More evidence that 'Recovery Summer' is a cruel hoax

Rick Moran
Ed Morrissey at Hot Air posts about the new consumer spending numbers from Gallup for July that have come out in advance of the retail sales numbers for the month.

When is Robert Gibbs going to get up in front of the press and claim that "Recovery Summer" was just a joke to lighten the mood of a depressed people?

Americans' self-reported spending in stores, restaurants, gas stations, and online averaged $62 per day during the week ending Aug. 8. Early August consumer spending trends trail 2009 and will need to surge to match last year's anemic back-to-school results. Gallup's consumer spending measure averaged $68 per day in July compared with $67 per day in June. This is consistent with the "mixed" chain store sales reported in July and the consensus expectation of a 0.2% increase in retail sales, excluding auto sales, when the Commerce Department reports on Friday. Retail sales is a broader measure - it includes the total receipts at stores selling durable and nondurable goods - than Gallup's spending measure, which is more oriented toward discretionary spending, but the two measures often trend together when auto sales are excluded.

More importantly, Gallup's weekly spending measure for the first week of August shows no improvement over that of the last week in July or that of the same week a year ago. In turn, this suggests that back-to-school sales are unlikely to substantially exceed last year's depressed levels. In fact, this week's comparable of a year ago was a big spending week, making for challenging sales comparables for many retailers this year.

Ed points out the obvious:

The advance retail numbers for July will come out tomorrow from the Commerce Department, but Gallup's survey of consumer spending gives a pretty good indication that the report won't boost the notion of Recovery Summer. In fact, it may be more like Flashback Summer, except that last year's numbers look better than Gallup's survey shows now. While spending shot upward in August 2009 in reaction to a heavily discounted back-to-school season, spending this year is declining...

Voters are going to have that phrase "Recovery Summer" echoing in their heads when they walk into the polling booth in November.



Ed Morrissey at Hot Air posts about the new consumer spending numbers from Gallup for July that have come out in advance of the retail sales numbers for the month.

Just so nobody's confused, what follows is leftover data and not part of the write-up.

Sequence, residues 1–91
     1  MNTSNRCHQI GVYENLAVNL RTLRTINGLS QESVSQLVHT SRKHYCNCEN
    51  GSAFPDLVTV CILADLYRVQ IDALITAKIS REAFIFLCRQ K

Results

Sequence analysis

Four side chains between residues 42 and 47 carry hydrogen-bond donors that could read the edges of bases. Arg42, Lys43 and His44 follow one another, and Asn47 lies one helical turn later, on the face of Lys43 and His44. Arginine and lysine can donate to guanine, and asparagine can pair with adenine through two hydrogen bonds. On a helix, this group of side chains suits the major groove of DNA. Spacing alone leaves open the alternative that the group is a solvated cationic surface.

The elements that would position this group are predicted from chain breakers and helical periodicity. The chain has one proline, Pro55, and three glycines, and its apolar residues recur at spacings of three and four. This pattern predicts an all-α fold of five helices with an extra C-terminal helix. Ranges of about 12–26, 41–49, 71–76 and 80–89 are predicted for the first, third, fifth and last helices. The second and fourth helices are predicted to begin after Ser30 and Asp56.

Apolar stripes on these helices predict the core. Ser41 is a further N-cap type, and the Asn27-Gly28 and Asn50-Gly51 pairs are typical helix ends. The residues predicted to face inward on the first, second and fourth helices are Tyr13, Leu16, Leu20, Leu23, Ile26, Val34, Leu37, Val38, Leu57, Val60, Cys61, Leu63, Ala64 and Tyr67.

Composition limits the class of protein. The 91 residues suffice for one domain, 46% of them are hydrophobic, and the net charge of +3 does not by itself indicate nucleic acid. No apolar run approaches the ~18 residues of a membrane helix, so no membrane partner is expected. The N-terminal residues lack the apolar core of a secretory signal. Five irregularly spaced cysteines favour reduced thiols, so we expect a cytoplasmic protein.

When is Robert Gibbs going to get up in front of the press and claim that "Recovery Summer" was just a joke to lighten the mood of a depressed people?

Americans' self-reported spending in stores, restaurants, gas stations, and online averaged $62 per day during the week ending Aug. 8. Early August consumer spending trends trail 2009 and will need to surge to match last year's anemic back-to-school results.

Gallup's consumer spending measure averaged $68 per day in July compared with $67 per day in June. This is consistent with the "mixed" chain store sales reported in July and the consensus expectation of a 0.2% increase in retail sales, excluding auto sales, when the Commerce Department reports on Friday. Retail sales is a broader measure - it includes the total receipts at stores selling durable and nondurable goods - than Gallup's spending measure, which is more oriented toward discretionary spending, but the two measures often trend together when auto sales are excluded.

More importantly, Gallup's weekly spending measure for the first week of August shows no improvement over that of the last week in July or that of the same week a year ago. In turn, this suggests that back-to-school sales are unlikely to substantially exceed last year's depressed levels. In fact, this week's comparable of a year ago was a big spending week, making for challenging sales comparables for many retailers this year.

Ed points out the obvious:

The advance retail numbers for July will come out tomorrow from the Commerce Department, but Gallup's survey of consumer spending gives a pretty good indication that the report won't boost the notion of Recovery Summer. In fact, it may be more like Flashback Summer, except that last year's numbers look better than Gallup's survey shows now. While spending shot upward in August 2009 in reaction to a heavily discounted back-to-school season, spending this year is declining...

Voters are going to have that phrase "Recovery Summer" echoing in their heads when they walk into the polling booth in November.